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Rent Seems Cheap But in Long Run It Costs More Than Buying a Home

September 17, 1989|ROBERT J. BRUSS

QUESTION: Almost every week you tell people to buy their first home and build some equity in it for a few years so they can sell it and buy a more desirable home. That's hogwash.

Why should I sweat and strain to make the mortgage payments on a home I don't like, so I might someday buy a nicer home that probably won't be much better? I think renting makes much more sense.

For example, in the town where I live I can rent a very nice home for around $1,000 per month. If I buy that same typical home I will need a down payment of at least $25,000 cash and my monthly payment will be around $2,000.

As for not getting the tax deductions, it doesn't make any sense to pay out $2,000 to get a $2,000 tax deduction, which saves me only $560 in federal income taxes. Isn't it time you stop telling your readers to buy a first home?

ANSWER: No. About two-thirds of American households own their home. The other one-third are renters because they can't afford to buy a home, they don't want to buy a home or they want to buy a home but plan to move within a few years, so renting makes more sense.

To show what can happen if you don't buy your own home, let me tell you about some renter friends who have rented the same two-bedroom apartment for over 35 years. They are now in their 70s and are retired on a meager pension and social security. For 35 years they have wasted money paying rent and have nothing to show for it but a pile of worthless rent receipts.

The only reason they can still afford the rent is that their apartment is under rent control and the landlord subsidizes their low rent. However, if the building is sold and the new owner wants to live in their apartment, they could be forced to move out. Unfortunately, they have little savings and no equity cushion as they would have if they instead had bought a home when they were young.

Virtually everyone who buys their first home has to stretch their budget. A home purchase not only creates a place to live but a forced savings account. I recall lying awake the first night in my current home, about 10 years ago, worrying about how I would make the mortgage payments. But somehow I made every payment, and today have built a substantial equity, mostly due to the home's appreciation in market value due to inflation.

Yes, on an out-of-pocket basis renting is cheaper than owning a home. But in the long run, renting is far more expensive than owning a home because renters build no equity and can't look forward to the day when their payments stop.

Few of us spend our lifetimes living in the first home we buy. But the important thing is our first home, no matter how humble, gets us started building equity, so, if we wish, we can move up to a nicer home. That's what the American home ownership dream is all about.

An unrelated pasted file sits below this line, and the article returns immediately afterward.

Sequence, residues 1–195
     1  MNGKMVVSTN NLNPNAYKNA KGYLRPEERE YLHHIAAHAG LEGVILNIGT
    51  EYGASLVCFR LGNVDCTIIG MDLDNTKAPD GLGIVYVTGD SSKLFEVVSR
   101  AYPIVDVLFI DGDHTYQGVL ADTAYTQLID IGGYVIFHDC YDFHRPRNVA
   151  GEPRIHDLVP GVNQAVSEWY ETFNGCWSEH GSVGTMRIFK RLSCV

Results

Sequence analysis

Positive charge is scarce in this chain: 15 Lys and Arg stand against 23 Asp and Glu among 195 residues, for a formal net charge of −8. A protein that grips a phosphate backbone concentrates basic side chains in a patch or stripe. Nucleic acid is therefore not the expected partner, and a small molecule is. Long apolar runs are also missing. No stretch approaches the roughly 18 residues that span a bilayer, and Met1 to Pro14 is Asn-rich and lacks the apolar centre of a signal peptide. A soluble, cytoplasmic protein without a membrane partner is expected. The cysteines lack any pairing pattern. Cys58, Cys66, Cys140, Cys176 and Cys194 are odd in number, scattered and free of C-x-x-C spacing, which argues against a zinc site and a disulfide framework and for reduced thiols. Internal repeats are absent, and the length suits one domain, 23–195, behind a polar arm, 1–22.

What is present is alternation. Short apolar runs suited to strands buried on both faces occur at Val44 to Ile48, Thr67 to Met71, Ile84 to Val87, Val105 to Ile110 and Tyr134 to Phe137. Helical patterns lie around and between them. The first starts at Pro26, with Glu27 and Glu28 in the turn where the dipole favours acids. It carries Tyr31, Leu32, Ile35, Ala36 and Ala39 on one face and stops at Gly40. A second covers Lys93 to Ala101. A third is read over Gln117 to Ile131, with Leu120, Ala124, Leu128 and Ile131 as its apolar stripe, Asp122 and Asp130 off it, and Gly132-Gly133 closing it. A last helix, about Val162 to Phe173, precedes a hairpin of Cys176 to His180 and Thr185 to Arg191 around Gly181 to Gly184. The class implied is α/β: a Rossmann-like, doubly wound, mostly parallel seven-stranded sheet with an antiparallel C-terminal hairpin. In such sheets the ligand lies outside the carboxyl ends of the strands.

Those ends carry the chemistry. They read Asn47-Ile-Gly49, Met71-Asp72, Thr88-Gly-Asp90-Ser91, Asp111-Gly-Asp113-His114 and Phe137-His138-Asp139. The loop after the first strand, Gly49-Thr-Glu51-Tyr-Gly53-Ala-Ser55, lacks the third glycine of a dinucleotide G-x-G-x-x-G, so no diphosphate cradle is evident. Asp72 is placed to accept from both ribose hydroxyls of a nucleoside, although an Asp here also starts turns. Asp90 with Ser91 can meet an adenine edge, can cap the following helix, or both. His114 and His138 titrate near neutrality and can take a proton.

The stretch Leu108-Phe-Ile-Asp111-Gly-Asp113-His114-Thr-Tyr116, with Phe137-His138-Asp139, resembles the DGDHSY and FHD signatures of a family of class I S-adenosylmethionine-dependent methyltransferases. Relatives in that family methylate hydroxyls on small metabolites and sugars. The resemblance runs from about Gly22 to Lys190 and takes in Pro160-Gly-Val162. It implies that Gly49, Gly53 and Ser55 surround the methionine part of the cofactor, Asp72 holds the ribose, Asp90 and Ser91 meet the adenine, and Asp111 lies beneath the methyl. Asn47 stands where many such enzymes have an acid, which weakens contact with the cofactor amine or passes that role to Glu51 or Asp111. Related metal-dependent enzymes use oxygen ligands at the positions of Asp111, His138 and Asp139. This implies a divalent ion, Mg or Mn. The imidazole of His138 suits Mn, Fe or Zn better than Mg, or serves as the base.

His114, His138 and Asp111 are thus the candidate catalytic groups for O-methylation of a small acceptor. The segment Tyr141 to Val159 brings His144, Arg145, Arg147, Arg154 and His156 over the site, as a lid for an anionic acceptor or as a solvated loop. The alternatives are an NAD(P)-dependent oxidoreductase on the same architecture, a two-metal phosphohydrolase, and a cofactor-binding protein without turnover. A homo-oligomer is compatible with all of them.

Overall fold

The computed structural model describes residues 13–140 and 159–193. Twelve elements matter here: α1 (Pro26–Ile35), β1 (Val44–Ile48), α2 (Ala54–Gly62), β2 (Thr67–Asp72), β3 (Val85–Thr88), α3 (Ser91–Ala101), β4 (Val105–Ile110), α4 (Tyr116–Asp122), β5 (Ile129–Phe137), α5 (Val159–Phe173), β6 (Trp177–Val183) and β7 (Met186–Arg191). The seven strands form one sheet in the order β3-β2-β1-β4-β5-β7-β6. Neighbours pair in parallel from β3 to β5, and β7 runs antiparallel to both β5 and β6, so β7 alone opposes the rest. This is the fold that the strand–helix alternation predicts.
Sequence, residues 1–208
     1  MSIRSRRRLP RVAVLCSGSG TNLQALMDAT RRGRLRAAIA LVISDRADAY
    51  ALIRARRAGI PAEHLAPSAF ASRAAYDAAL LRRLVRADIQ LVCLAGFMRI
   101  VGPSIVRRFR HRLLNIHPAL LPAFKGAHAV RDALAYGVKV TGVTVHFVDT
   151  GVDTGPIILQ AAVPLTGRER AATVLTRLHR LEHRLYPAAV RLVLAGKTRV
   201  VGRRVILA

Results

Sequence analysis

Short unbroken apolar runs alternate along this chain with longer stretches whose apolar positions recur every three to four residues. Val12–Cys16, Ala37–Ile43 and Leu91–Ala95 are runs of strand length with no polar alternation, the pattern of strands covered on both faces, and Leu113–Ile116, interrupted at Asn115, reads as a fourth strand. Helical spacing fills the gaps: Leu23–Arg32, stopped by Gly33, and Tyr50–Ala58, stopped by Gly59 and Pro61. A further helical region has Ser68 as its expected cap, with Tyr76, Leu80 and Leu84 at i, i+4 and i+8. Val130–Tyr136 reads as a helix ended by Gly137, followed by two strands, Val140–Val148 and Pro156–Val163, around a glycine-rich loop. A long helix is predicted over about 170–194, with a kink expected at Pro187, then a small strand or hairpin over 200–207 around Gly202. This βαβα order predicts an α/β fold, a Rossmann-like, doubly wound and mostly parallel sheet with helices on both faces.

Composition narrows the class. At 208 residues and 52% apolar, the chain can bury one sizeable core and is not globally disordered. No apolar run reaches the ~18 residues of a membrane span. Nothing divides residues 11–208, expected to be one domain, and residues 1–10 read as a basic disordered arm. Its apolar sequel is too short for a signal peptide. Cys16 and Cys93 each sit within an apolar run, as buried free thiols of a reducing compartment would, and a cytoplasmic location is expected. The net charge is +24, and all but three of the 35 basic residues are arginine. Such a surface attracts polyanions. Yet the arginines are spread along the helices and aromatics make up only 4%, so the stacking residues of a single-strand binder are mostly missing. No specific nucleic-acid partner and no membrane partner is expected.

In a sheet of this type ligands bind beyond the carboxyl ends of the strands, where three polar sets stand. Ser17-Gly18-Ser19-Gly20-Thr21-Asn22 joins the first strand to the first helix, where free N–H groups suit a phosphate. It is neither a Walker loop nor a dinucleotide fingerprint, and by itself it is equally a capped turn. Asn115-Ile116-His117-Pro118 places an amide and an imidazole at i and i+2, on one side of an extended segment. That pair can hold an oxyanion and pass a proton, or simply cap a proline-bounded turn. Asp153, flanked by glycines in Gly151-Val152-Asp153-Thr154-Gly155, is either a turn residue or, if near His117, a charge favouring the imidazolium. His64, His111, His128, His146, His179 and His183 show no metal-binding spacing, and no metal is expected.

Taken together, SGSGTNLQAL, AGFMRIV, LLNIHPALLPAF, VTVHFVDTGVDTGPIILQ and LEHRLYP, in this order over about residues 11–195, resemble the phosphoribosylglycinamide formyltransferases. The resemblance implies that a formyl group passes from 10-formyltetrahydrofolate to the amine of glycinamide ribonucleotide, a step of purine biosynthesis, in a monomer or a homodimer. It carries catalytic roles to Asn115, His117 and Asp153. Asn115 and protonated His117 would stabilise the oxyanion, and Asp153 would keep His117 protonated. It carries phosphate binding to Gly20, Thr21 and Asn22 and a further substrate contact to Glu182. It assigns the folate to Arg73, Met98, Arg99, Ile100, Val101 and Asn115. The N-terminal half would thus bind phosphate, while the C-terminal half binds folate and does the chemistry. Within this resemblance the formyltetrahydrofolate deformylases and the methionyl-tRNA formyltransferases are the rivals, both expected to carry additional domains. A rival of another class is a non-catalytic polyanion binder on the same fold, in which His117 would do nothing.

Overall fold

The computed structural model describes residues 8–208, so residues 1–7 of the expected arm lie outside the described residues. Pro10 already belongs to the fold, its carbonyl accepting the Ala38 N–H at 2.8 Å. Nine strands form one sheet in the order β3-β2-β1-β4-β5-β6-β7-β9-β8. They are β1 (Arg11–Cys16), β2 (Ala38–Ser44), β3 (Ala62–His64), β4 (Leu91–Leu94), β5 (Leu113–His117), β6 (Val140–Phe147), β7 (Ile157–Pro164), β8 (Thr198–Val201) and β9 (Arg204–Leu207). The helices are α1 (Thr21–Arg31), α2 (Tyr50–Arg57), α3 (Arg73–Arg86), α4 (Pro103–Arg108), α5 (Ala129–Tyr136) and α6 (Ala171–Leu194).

Exemption Can't Be Used on Two Homes

Q: We plan to sell our home, which has greatly appreciated in market value since we bought it 12 years ago. However, we plan to move to Florida where homes are much less expensive. If we also buy a vacation home, probably in northern Michigan, and the total prices of the two homes exceed our old home's sales price can we avoid paying profit tax?

A: Nice try, but your plan won't work. Since you didn't mention anything about being 55 or older, I assume you are not eligible for the $125,000 "over 55 rule" home sale tax exemption.

The "rollover residence replacement rule" of IRC 1034 says you must defer your home sale profit tax if you buy a replacement principal residence of equal or greater cost within 24 months before or after the sale.

Please notice the rule says "a replacement principal residence." Two residences won't qualify because you can have only one replacement principal residence.

Incidentally, if you buy a less expensive replacement home, your profit will be taxed on the difference in the two prices. To illustrate, suppose you sell your old home for a $300,000 net sales price and buy a Florida mansion for $200,000. The tax result is up to $100,000 of your home sale profit is taxable. Please consult your tax adviser for further details.

Choose Best Agent, Not Just the Franchise

Q: My husband and I are debating which real estate agent should get our listing to sell our home. We have narrowed the choice to two agents. One woman has been "farming" our neighborhood for about five years. She is very successful. But she works for a local, independent brokerage.

The other agent, who admits he is new to the business with about six months sales experience, works for a franchised realty office that advertises very heavily on TV and in the newspapers.

Both agents have their pros and cons. As you often suggest, we phoned their references of previous sellers and the woman came out with the best recommendations from former clients. However, the new agent's firm has a relocation program that helped a friend buy her home a few months ago. Which agent should get our listing?

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